The Rise of the Facsimile in Contemporary Art
Marcel Duchamp continues to be lauded by contemporary artists and art historians for his questioning of the original, singular art object. His readymades, which were sourced from mass-manufactured consumer products, pointed out the flaw in singularity in the modern era. Each readymade posed the questions – can a mass-produced item, such as a bottle rack, bicycle wheel, or shovel, ever be original and can it represent something other than itself? Duchamp fully expressed both points with his Boîte-en-valise (1935-41), which featured facsimiles of his earlier art production, including the readymades, but featured no “original.”
This dialogue on original versus facsimile reached its pinnacle during Postmodernism through the writings of Roland Barthes, Michel Foucault, and Jean Baudrillard. Baudrillard observed in his 1981 treatise Simulacra and Simulation that the relevance of the original and the representative nature of art had been pushed to its limits. He asserted that, due to the proliferation and repetition of images, signs and symbols no longer adhere to an origin; rather, they are merely a simulation of a reality that may or may not have ever existed and can even exist in advance of reality. Although both seem far removed from illuminated manuscripts and their facsimiles, Duchamp and Baudrillard were drawing attention to an essential element found within their pages—that which is included in the facsimile is never the thing itself; it is always a representation. For that matter, the words within the “original” manuscript and its accompanying illustrations are also a symbolic representation, nothing more than a conveyor of information. The reader’s interaction with either the manuscript or its facsimile—how it becomes interpreted and performed in his or her mind—is its basis in reality.
Duchamp, Baudrillard, and the facsimile all resist the significance of the original to highlight the value of reception and interpretation in the formulation of what is “real” in the modern world. A facsimile, therefore, can produce a reality in the mind of the viewer just as much as the manuscript that it is based upon, thus making the divide between original and copy obsolete.
Codex Seraphinianus by the Italian artist Luigi Serafini was first published in 1981 and reveals a similar engagement. The codex is full of imaginary objects, fantastical beasts, and fictional languages that do not exist beyond its own pages—it creates a reality that lives only in the mind of the reader. In addition, Serafini’s codex was intended strictly for mass production by a publisher, Franco Maria Ricci, who desired to produce a work in the tradition of the facsimiles of medieval illuminated manuscripts. Within the pages of Codex Seraphinianus, the reception and interpretation of the original manuscript is always delivered through a facsimile, but in this case there is no origin in reality and there is no original; it is a simulacrum producing simulation. It reflects the sentiments of Baudrillard’s treatise and gives a nod to Duchamp’s Boîte-en-valise while also highlighting a significant turn away from the original and toward interpretation that defined Postmodernism and has ongoing implications for contemporary art. Since 2000 the discourse on representation, simulation, and originality continues in the works of Marcel Dzama and his many facsimiles, such as The Course of Human History Personified (2005), Allan McCollum’s ongoing work with art as surrogate, and the mass-produced art objects of CerealArt.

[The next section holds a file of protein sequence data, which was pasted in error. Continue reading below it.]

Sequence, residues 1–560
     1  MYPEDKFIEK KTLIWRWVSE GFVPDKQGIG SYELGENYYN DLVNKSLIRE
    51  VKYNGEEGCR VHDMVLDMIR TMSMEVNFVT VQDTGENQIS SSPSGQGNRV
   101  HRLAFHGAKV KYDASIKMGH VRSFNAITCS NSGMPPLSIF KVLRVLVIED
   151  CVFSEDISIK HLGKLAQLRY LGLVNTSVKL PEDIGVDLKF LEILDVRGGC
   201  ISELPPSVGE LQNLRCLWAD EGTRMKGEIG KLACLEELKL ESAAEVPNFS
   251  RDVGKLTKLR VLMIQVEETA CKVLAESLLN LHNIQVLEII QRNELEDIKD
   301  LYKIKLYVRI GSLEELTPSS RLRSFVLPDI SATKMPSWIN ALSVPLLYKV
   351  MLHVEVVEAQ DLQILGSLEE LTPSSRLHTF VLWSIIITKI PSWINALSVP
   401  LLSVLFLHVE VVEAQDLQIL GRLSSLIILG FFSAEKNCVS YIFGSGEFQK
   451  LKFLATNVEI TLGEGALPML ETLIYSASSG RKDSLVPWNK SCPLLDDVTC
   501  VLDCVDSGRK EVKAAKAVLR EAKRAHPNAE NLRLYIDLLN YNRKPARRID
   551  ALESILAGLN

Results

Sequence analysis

Barthes, Roland. “The Death of the Author.” In Image/Music/Text. Translated by Stephen Heath, 142-147. New York: Hill and Wang, 1977.
Baudrillard, Jean. Simulacra and Simulation. Ann Arbor: University of Michigan Press, 1994.
Foucault, Michel. The Archaeology of Knowledge and the Discourse on Language. Translated by A.M. Sheridan Smith. New York: Pantheon Books, 1972.
Nesbit, Molly. “Ready-Made Originals: The Duchamp Model.” October, no. 37 (Summer 1986): 53-64.
Taylor, Justin. “The Codex Seraphinianus.” Believer 5, no. 4 (May 2007): 17-28.